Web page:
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Class III gaming efforts in doubt after court decision

The Bush administration is debating whether to appeal a gaming case that could hurt tribes in several states.

On August 17, the 5th Circuit Court of Appeals blocked a Texas tribe from offering Class III games without the state's approval. Though the decision only affected the Kickapoo Tribe, it invalidated a disputed Interior Department regulation that is being used throughout Indian Country.

Those efforts are now in jeopardy if the decision stands. In Texas, the Tigua Tribe and the Alabama-Coushatta Tribe want to offer Class III games under the disputed regulation because state officials -- including former governor and current president George W. Bush -- have refused to negotiate a compact.

The conservative 5th Circuit also includes Louisiana, where the Jena Band of Choctaw Indians hopes to open a Class III casino in a state proliferated with casinos. But Gov. Kathleen Blanco (D) is refusing to negotiate and is facing a lawsuit.

The Poarch Band of Creek Indians has been having an equally difficult time with Alabama. Though some types of Class III gaming are legal in the state, every governor for the last 15 years has refused to come to the table and work out a deal.

In Florida, the picture looks a bit brighter for the Seminole Tribe and the Miccosukee Tribe. The Seminoles are actively negotiating a compact with Gov. Charlie Crist (R) for slot machines and possibly other Class III games.

Up in Nebraska, however, the state remains adamantly opposed to Class III gaming. The Santee Sioux Tribe has been locked in a court battle with the state over which games are and aren't legal.

In all these cases, the tribes turned to the Interior Department for help. They cited a regulation that allows the federal government to step in and issue "secretarial procedures" for Class III games only when states refuse to negotiate in good faith.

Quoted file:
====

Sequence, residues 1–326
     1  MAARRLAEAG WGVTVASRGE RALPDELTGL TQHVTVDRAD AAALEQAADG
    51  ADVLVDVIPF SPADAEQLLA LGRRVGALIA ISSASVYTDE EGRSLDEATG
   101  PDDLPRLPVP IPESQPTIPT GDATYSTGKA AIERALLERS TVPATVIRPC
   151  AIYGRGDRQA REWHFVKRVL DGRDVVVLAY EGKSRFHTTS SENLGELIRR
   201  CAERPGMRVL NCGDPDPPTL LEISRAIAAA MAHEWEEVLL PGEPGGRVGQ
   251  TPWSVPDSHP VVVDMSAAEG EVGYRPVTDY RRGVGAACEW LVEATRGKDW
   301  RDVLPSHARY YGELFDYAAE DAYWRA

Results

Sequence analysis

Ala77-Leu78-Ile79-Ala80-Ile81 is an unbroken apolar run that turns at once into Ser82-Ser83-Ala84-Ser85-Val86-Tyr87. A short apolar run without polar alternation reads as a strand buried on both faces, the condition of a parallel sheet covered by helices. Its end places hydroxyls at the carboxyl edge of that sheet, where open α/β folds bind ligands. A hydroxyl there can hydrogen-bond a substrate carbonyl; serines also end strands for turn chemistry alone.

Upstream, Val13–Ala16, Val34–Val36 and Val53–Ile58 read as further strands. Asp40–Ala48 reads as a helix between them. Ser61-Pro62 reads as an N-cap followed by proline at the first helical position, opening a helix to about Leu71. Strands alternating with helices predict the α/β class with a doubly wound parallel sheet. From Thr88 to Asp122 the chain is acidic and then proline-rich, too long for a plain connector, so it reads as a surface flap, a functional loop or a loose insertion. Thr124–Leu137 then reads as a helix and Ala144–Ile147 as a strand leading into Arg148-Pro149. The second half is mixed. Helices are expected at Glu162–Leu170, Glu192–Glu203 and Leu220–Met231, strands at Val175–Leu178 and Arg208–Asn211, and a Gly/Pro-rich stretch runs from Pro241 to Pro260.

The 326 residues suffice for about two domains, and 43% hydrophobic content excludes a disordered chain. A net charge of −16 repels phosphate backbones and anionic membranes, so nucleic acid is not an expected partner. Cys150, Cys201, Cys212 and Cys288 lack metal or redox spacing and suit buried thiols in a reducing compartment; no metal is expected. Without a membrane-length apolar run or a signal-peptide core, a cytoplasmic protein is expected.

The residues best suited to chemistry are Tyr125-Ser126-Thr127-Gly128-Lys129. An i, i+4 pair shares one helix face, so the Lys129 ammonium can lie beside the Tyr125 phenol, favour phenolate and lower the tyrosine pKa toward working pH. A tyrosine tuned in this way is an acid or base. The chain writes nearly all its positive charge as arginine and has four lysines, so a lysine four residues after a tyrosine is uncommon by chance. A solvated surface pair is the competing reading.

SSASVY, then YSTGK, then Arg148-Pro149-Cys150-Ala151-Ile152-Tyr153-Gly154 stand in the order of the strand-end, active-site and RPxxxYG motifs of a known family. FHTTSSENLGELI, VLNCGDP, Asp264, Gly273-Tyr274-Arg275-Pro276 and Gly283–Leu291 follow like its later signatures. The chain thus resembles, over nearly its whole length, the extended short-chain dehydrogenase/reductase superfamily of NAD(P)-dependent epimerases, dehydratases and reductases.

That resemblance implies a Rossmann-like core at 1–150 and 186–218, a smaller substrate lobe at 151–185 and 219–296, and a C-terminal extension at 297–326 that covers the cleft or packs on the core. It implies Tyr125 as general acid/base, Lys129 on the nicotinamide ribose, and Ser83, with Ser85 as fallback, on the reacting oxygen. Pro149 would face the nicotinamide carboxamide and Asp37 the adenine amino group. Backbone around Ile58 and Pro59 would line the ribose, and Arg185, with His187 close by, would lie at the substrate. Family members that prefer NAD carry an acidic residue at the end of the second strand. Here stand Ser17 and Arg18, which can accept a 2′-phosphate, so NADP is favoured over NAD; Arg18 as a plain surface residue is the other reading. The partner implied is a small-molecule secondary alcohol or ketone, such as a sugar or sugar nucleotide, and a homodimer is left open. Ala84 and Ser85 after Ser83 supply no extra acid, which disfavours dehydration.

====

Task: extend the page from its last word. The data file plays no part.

The regulation was written in response to a U.S. Supreme Court case involving the Seminole Tribe. The justices said states can invoke their sovereign immunity to avoid lawsuits over their refusal to participate in the compacting process.

But in the Kickapoo case, the 5th Circuit said the secretarial procedures violate the intent of the Indian Gaming Regulatory Act. The only way a tribe can offer Class III games without state approval is when a court -- not the Interior Department -- finds a state to be in bad faith.

"The [Interior] Secretary may not decide the state's good faith; may not require or name a mediator; and may not pull out of thin air the compact provisions that he is empowered to enforce," the 5th Circuit ruled.

The decision means a tribe must overcome two major hurdles in order to offer Class III games. First, the state must consent to a lawsuit, and second, the tribe must show that the state has been negotiating in bad faith.

The first hurdle is nearly impossible to overcome as most states will never waive their sovereign immunity. But it's not unheard of -- in Wyoming, the state consented to the Northern Arapaho Tribe's lawsuit over Class III gaming.

The tribe ended up proving that the state was in bad faith, a decision upheld by the 10th Circuit Court of Appeals. The tribe is now offering Class III games at facilities on the Wind River Reservation in Wyoming.

But the three tribes in Texas won't be able to get that far because the state has raised the sovereign immunity defense. That stops future court proceedings and bars the use of the secretarial procedures under the 5th Circuit's ruling.

The Office of Indian Gaming Management at the Bureau of Indian Affairs has been working on secretarial procedures for the tribes in Texas, Alabama, Louisiana, Nebraska and Florida for several years. "The process was developed when compact negotiations broke down," deputy director Paula Hart said at the 2006 Global Gaming Expo.

Assistant secretary Carl Artman said Bush administration officials are discussing their next step in the Kickapoo dispute. He declined to discuss the effect the decision has had on the secretarial procedures.

"I'm going to withhold any comments on that," Artman told Indianz.Com in an interview this month.

Separately, Artman is wrapping up work on new regulations for taking land-into-trust for casinos. "We are putting the final dots on the I's and crosses on the T's," he said. He expects the rule to be published in the Federal Register within the next 90 days.

Court Decision:
Texas v. US (August 17, 2007)